For-credit internships combine hands-on experience with academic coursework, giving you the chance to apply what you've been learning in the classroom and reflect on what you experience in the workplace.
Looking for an internship?
Already have an internship? Looking for credit?
- Ask your department if they already have a program in place (see list below).
- If you are an Honors student an dyour department does not provide an option, please contact Dr. Paxton at firstname.lastname@example.org. The approval process must be completed no later than May 19th.
- If the above options are not available to you, please contact Colin Pears at email@example.com to inquire about registering for UGS 495. The approval process must be completed no later than May 19th.
Majors in the following departments can also earn internship credit through their department:
What kind of credit can I earn for an internship?
Each internship counts for three credits. Generally, non-departmental internships are counted as elective courses, though an internship could satisfy distribution or major requirements with the permission of your academic dean.
You may earn credit for at most two internships, for a total of six credits. You may earn credit for at most one internship per academic term. Internships-for-credit arranged the an academic department or the University Honors Program count toward this limit.
Are there any pre-requisites for for-credit internships? Are there any other restrictions?
Students should be in good academic standing at the university to be considered for a summer for-credit internship. Each internship and student situation will be reviewed before the internship is approved.
To be considered for credit, internships should have a minimum of 140 contact hours and include very little clerical work.
How will the internship be supervised?
During the semester of the internship, in addition to attending all scheduled work sessions, you must maintain regular contact with the faculty advisor.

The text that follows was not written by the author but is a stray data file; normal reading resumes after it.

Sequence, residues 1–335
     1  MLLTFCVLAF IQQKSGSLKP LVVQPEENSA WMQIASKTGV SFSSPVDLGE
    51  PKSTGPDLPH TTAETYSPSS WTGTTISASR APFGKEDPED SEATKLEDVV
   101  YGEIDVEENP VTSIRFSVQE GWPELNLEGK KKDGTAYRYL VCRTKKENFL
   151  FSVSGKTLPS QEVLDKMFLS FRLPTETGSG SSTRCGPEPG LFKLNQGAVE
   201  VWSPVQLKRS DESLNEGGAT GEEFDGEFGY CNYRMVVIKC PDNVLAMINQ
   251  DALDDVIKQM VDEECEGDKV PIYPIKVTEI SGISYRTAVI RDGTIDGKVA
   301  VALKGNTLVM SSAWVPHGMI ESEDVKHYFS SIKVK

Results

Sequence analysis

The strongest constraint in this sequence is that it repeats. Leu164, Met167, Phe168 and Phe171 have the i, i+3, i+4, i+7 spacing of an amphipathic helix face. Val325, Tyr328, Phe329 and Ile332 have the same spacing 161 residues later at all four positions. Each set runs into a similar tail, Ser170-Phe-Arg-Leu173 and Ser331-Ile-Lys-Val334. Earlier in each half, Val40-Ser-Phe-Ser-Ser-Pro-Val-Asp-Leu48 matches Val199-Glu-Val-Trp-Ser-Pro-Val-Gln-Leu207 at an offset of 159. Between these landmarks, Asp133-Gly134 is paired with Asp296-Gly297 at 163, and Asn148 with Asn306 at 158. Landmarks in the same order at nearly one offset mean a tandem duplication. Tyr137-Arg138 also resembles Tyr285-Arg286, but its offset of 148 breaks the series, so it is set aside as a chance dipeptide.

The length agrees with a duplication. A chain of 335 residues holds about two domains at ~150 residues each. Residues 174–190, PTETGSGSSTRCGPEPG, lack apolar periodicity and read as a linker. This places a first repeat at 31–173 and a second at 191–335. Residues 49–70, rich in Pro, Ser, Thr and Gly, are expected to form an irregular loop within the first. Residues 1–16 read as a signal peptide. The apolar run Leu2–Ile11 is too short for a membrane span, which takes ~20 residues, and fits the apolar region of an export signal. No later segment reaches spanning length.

- You will normally attend 5 to 7 meetings with the faculty advisor overseeing the internship, but these meetings can be structured and scheduled as the faculty advisor directs. For example, some faculty members who are advising more than one internship may prefer to meet with several interns at once in a seminar format, whereas others may prefer to meet with interns individually. At these meetings, you and your faculty advisor will discuss such topics as the relationship between previous course work and the subject matter of the internship and the culture of the workplace. The emphasis should be on reflecting critically on the experience of work.
How will the internship be evaluated?
Your grade on the internship will be determined by the faculty advisor based on three factors:
a) Grades on assignments as specified in the internship application. It is recommended that a minimum of one page per week be written by the student with a substantial paper due at the end of the internship.
Writing assignments may be structured at the discretion of the faculty member. Typical weekly assignments may include:
- Keeping a journal.
- Interviewing the internship supervisor.
- Writing a reflection paper on the experience and how it has affected the student’s decision either to continue seeking employment in the area of the internship or to change directions.
b) The interim and final evaluations from the internship supervisor. The student will be required to write a response to these evaluations that should demonstrate thoughtful reflection upon the feedback offered by the supervisor.
c) Completion of the required meetings with Career Services. These meetings will not be evaluated as such, but the student will not receive a grade if they have not been completed.